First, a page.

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KUNA -- It's been a tough year for the Kuna football team as the community worried about two players with serious health issues.

Last year, Boone Bartlome broke his neck in a playoff game. We showed you a couple of weeks ago the progress he's making to walk again.

But one of Boone's teammates suffered a setback, too.

Junior Elijah Minnick enjoys suiting up for the Kuna Kavemen. He plays left tackle, right alongside his twin brother, Jonah who plays left guard.

Elijah had been looking forward to making a big impact on the football field during his senior year, but late last year, right around Christmas, he was hit with a huge obstacle.

ELIJAH MINNICK'S BATTLE

In December of 2013, Elijah Minnick got very sick.

I knew it was going to kill me, whatever was in me, Minnick said.

He told us the sickness started as Strep A, but then got much worse. That's when he turned to his mother for help.

Mom, something's up with me. I don't know what's going on. I'm feeling sick and hyperventilating. I'm breathing really hard. I feel this pain in my chest and back. I don't know what's going on, he said.

Elijah's twin brother, Jonah, says he could tell something wasn't right. He knew it was too much for Elijah's body to handle.

That's when we decided to take him to the ER, Jonah said.

WHEN YOU LOOKED AT HIM, YOU KNEW DEATH WAS PRETTY MUCH IMMINENT

Dr. Derrick Dauplaise was working in the Pediatric Intensive Care Unit the night Elijah was admitted to St. Luke's.

When you looked at him, you knew that death was pretty much imminent, Dauplaise said. He was completely purple.

The bacterial infection had overwhelmed Elijah's body. He was experiencing multiple system organ failure.

His body was having such a response to it that he was shutting down every organ because his heart was failing and his lungs were failing, Dauplaise said.

It was a scary time for Elijah's family, including his mother, Karen Minnick.

The first night we were at the hospital, Dr. Derrick said that we needed to have guarded hope because they didn't know if he was going to make it, she said.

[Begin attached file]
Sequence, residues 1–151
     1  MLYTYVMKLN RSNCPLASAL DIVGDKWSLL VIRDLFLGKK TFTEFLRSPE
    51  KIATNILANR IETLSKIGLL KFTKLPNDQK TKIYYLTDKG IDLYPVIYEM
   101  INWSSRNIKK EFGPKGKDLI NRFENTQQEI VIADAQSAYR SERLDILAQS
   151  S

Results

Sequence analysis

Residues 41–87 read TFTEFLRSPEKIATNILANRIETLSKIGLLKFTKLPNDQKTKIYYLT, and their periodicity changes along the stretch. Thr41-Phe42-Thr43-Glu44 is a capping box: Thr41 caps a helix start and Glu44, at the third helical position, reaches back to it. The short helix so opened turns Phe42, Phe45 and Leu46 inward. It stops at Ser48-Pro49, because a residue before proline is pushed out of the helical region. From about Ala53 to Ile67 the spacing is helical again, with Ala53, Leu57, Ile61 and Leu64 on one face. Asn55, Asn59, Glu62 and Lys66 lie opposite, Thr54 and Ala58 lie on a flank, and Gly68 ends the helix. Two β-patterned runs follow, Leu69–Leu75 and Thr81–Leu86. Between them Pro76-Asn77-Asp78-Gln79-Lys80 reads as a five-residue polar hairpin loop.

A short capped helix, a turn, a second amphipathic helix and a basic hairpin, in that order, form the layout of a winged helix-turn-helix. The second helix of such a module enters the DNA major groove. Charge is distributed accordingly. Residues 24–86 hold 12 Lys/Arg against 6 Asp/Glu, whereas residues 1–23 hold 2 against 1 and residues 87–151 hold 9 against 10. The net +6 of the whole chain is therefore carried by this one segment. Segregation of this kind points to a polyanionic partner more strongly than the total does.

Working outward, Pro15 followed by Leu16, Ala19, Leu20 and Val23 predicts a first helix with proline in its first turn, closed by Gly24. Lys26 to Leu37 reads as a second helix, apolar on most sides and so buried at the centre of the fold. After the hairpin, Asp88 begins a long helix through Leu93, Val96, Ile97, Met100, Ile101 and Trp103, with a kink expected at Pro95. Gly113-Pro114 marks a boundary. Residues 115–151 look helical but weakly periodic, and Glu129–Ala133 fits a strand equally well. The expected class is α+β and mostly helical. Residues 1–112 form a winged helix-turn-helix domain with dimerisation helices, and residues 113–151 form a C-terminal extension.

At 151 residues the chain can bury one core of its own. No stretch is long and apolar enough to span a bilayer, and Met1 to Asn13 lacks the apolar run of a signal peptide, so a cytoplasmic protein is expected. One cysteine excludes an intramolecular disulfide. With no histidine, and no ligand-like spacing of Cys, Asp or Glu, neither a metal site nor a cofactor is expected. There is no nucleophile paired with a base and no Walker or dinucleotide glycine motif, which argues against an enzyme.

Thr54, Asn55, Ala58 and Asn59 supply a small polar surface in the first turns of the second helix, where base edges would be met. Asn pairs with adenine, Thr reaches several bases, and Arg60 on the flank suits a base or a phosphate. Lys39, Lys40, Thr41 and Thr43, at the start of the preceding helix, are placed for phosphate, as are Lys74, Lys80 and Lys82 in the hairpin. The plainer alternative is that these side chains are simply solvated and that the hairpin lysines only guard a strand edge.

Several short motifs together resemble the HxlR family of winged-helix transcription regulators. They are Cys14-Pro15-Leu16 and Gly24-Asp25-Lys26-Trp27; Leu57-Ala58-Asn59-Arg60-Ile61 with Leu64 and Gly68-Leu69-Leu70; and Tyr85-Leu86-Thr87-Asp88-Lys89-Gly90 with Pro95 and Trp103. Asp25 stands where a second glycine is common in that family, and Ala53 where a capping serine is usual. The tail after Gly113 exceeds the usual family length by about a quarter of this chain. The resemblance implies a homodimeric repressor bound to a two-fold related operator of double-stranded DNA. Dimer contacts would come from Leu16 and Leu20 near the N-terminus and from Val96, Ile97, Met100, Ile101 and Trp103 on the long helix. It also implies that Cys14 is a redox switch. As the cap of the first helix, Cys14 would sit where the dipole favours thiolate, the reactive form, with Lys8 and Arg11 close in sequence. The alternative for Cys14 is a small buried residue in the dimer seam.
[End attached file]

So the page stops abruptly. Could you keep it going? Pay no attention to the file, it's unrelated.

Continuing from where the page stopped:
Elijah's twin brother, Jonah, wouldn't leave his side. He held Elijah's hand for the first 36 hours at St. Luke's.

I knew if I was in that position, he'd be there for me, said Jonah. I was scared that I was going to lose Elijah.

Elijah's organs were shutting down. His doctors and nurses gave him everything they could to fight the infection.

The only thing you can do is support every system and get it through the transition, Dauplaise said. A lot of this you have to be patient with.

Meanwhile, his parents prayed and put his life in God's hands.

At that moment, you have to. You're not in control of everything. You have to give your kids to the Lord. You have to trust that He's good and everything's going to be OK no matter what happens, Karen Minnick said.

Finally, after 12 agonizing hours, Elijah's body stopped its rapid decline.

FIGHTING BACK

As his body started to fight back against the infection, Elijah gained more awareness, too.

I could hear people talking to me, I could feel people touching me, he said.

Elijah stayed at St. Luke's for weeks recovering. He says it didn't take long for his thoughts to turn to football.

There were times when I thought, you know, am I ever going to be able to play football with Jonah again my senior year? Am I ever going to be able to work out again, exercise? he said.

Elijah's motivation to get back on the football field has helped him overcome many obstacles. His doctors say his recovery is a miracle.

To see Elijah running and communicating and sharing his story, it's a beautiful thing, Dauplaise said.

Elijah and his family visited the Kuna High School football field recently. He hopes to suit up and eventually play during his senior season.

I can't wait to play. It's going to be very emotional being back out here that first game, said Elijah.

Doctors told us Elijah has come a long way, but he is still gaining his strength back. They believe a surgery last year to remove Elijah's appendix may have weakened his immune system, contributing to the severity of the infection. They're optimistic he will make a full recovery, but because of the infection and resulting treatment at the hospital, he could see some long-term effects.

Despite all he's been through, Elijah says he's thankful for his life and for the community that has supported him through this tough time.

Just seeing the support we've got, seeing all the people, how much love we have for each other in this community. I wouldn't want to be a part of any other community, he said.

Elijah is planning on taking the field for the Kuna Kavemen's first game alongside Boone Bartlome. He hopes the doctors and nurses at St. Luke's who helped save his life will be there, too.

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